Petrographic and geochemical analyses of travertine-depositing hot springs at Angel Terrace, Mammoth Hot Springs, Yellowstone National Park, have been used to define five depositional facies along the spring drainage system. Spring waters are expelled in the vent facies at 71 to 73{degrees}C and precipitate mounded travertine composed of aragonite needle botryoids. The apron and channel facies (43-72{degrees}C) is floored by hollow tubes composed of aragonite needle botryoids that encrust sulfide-oxidizing Aquificales bacteria. The travertine of the pond facies (30-62{degrees}C) varies in composition from aragonite needle shrubs formed at higher temperatures to ridged networks of calcite and aragonite at lower temperatures. Calcite 'ice sheets', calcified bubbles, and aggregates of aragonite needles ('fuzzy dumbbells') precipitate at the air-water interface and settle to pond floors. The proximal-slope facies (28-54{degrees}C), which forms the margins of terracette pools, is composed of arcuate aragonite needle shrubs that create small microterracettes on the steep slope face. Finally, the distal-slope facies (28-30{degrees}C) is composed of calcite spherules and calcite 'feather' crystals. Despite the presence of abundant microbial mat communities and their observed role in providing substrates for mineralization, the compositions of spring-water and travertine predominantly reflect abiotic physical and chemical processes. Vigorous CO2 degassing causes a unit increase in spring water pH, as well as Rayleigh-type covariations between the concentration of dissolved inorganic carbon and corresponding {delta}13C. Travertine {delta}13C and {delta}18O are nearly equivalent to aragonite and calcite equilibrium values calculated from spring water in the higher-temperature ([~]50-73{degrees}C) depositional facies. Conversely, travertine precipitating in the lower-temperature (<[~]50{degrees}C) depositional facies exhibits {delta}13C and {delta}18O values that are as much as 4{per thousand} less than predicted equilibrium values. This isotopic shift may record microbial respiration as well as downstream transport of travertine crystals. Despite the production of H2S and the abundance of sulfide-oxidizing microbes, preliminary {delta}34S data do not uniquely define the microbial metabolic pathways present in the spring system. This suggests that the high extent of CO2 degassing and large open-system solute reservoir in these thermal systems overwhelm biological controls on travertine crystal chemistry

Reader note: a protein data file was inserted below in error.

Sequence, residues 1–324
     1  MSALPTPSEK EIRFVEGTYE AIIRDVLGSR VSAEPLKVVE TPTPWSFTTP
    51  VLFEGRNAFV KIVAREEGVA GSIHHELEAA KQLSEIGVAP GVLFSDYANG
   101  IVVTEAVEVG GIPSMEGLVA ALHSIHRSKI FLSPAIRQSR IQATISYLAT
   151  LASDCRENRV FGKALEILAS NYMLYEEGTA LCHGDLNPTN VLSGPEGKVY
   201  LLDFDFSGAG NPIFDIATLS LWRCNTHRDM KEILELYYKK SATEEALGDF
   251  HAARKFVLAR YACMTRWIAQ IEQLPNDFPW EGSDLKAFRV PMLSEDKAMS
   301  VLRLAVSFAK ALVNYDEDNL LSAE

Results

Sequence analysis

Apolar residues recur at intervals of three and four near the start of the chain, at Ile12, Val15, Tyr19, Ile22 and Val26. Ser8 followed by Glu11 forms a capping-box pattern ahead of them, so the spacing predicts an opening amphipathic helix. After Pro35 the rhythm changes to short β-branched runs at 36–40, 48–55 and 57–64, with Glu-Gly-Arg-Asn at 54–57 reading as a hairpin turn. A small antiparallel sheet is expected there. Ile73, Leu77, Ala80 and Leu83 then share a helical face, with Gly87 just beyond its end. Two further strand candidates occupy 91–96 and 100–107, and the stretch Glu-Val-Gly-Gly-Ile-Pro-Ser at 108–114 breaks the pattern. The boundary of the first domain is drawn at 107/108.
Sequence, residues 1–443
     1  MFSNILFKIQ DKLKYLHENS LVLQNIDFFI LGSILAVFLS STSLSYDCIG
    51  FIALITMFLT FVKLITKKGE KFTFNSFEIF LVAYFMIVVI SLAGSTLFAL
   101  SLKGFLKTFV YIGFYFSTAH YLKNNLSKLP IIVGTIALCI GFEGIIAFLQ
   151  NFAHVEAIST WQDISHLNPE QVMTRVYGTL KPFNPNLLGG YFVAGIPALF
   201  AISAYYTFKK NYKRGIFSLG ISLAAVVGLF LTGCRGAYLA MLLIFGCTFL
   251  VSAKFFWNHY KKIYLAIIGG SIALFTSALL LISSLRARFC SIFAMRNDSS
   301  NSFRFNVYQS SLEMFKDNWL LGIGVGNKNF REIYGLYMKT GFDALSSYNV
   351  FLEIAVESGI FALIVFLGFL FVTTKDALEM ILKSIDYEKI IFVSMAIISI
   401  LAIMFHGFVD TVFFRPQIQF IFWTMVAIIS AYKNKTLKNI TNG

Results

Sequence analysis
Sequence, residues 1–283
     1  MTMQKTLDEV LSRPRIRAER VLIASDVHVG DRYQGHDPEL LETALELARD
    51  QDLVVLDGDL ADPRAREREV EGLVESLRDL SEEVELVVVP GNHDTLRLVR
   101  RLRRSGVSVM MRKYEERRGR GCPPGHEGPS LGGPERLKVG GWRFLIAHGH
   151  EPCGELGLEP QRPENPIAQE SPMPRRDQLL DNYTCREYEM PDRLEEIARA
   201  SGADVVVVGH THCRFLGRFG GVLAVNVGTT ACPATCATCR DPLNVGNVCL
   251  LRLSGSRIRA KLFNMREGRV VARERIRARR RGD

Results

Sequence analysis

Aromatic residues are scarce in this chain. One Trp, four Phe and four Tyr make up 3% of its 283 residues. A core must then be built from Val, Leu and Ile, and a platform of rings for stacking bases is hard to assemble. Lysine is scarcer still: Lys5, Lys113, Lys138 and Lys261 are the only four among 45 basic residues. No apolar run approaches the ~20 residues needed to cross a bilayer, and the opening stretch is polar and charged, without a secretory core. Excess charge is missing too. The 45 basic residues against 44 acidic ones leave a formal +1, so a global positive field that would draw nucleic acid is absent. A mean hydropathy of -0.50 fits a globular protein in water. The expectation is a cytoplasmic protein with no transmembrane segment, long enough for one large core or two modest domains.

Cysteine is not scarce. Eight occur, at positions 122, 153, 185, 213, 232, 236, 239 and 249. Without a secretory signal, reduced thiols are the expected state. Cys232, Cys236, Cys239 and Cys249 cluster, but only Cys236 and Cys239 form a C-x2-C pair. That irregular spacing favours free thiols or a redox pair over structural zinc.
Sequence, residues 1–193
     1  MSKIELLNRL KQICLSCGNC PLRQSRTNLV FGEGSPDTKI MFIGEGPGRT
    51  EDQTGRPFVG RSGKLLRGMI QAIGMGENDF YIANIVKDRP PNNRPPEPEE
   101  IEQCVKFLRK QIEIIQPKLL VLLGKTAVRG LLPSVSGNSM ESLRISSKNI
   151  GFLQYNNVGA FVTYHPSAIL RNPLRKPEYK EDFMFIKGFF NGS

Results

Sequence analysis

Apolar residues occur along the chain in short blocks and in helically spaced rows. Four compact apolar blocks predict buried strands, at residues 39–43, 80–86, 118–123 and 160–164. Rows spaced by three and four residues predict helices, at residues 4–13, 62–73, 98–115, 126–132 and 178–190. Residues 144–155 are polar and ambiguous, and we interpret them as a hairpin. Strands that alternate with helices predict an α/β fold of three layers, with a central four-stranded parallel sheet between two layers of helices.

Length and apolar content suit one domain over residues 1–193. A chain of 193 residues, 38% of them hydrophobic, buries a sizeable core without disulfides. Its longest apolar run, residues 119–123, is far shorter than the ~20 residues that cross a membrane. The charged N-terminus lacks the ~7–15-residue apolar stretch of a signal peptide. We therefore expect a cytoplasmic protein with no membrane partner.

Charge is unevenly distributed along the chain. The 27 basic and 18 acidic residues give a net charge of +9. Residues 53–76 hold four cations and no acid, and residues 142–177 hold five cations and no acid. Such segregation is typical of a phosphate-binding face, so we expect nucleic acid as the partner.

Hydrocompaction, dissolution, suffosion et soutirage : contribution la formation des dpressions fermes, 2001, Pellegrin Jeanchristophe, Salomon Jeannol
The authors of this note provide a definition for four processes (hydrocompaction, solution, suffosion, piping) which, although different, are likely to result in comparable surface morphologies, such as closed hollows. They attempt to clarify the specific features of each of these processes.